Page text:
fire during Pentecost were signs of theophany and not repeated in the rest of the book. The
Pentecost event is in continuity with John the Baptist's prophecy, however, the "fire" motif was
dropped. The visible tongues of fire were seen only once. In the rest of the Acts
accounts of Spirit baptism, the fire is absent. The Spirit baptism is a blessing, not a judgment.
Hence, it is about service, not salvation. In Acts 10, Luke identifies Cornelius' qualifications as a
God fearing man, etc. This account is the only report of Spirit baptism accompanied with an
explanation-"The Holy Spirit fell upon all who heard the word. The circumcised believers who
had come with Peter were astounded that the gift of the Holy Spirit had been poured out even on
the Gentiles, FOR THEY HEARD THEM SPEAK IN TONGUES and magnifying God."vv. 44-46.
This account shows that the reception of the Spirit was for a prophetic vocation about mission to
the Gentiles, NOT salvation or eschatological judgment. Stronstad said that to interpret this text
otherwise is to do great mischief to the text.
Acts 19 is another confirmatory example. In this passage exist several significant observations:
1. the people Paul encountered in Ephesus were both disciples and believers, not unbelievers; 2.
They received the Holy Spirit in the same way the other disciples had with the presence of
speaking in tongues; 3. The Ephesian disciples had a paradigmatic sign of tongues. The same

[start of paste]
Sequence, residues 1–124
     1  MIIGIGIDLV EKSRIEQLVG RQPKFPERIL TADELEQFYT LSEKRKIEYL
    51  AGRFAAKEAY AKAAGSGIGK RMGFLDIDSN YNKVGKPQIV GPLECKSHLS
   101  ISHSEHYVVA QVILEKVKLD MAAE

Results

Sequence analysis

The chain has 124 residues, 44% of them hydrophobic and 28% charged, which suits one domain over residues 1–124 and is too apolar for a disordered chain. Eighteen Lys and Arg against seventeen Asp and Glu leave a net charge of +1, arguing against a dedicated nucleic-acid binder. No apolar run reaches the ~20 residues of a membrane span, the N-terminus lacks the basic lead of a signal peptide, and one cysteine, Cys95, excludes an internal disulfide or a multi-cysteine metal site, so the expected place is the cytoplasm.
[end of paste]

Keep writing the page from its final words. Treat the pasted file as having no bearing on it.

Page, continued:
vocational prophetic gift of the Spirit, for their service and not their salvation.
III. Conclusion-Some Guiding Hermeneutical Thoughts.
1. Luke 3:17 is the promise; Acts 2 is the fulfillment. Luke, author of both books, has the
promise/fulfillment theme in his writings.
2. The pouring out of the Holy Spirit is in continuity within both books. Jesus was baptized
in the Holy Spirit in the Gospel of Luke, but he wasn't baptized in a judgment of fire.
3. This Spirit baptism in both books is the functional equivalent of anointing for prophets.
Prophets were anointed to do a task. Therefore, the Spirit baptism is about vocation.
4. The experience is accompanied by a sign or witness. In the Old Testament, the
presence of the Spirit was accompanied typically with prophecy. In the New Testament
(Acts), it was typically speaking in tongues or prophecy.
5. Paradigmatic experience of Pentecost set a pattern for believers-Acts 10:47, "like as we."
Stronstad concludes that it is "quantitative snobbery on behalf of contemporary (biblical)
interpreters" to interpret the text otherwise. Luke deemed his examples adequate and
compelling. Until Jesus rescinds his commission, baptism with the Holy Spirit is to be understood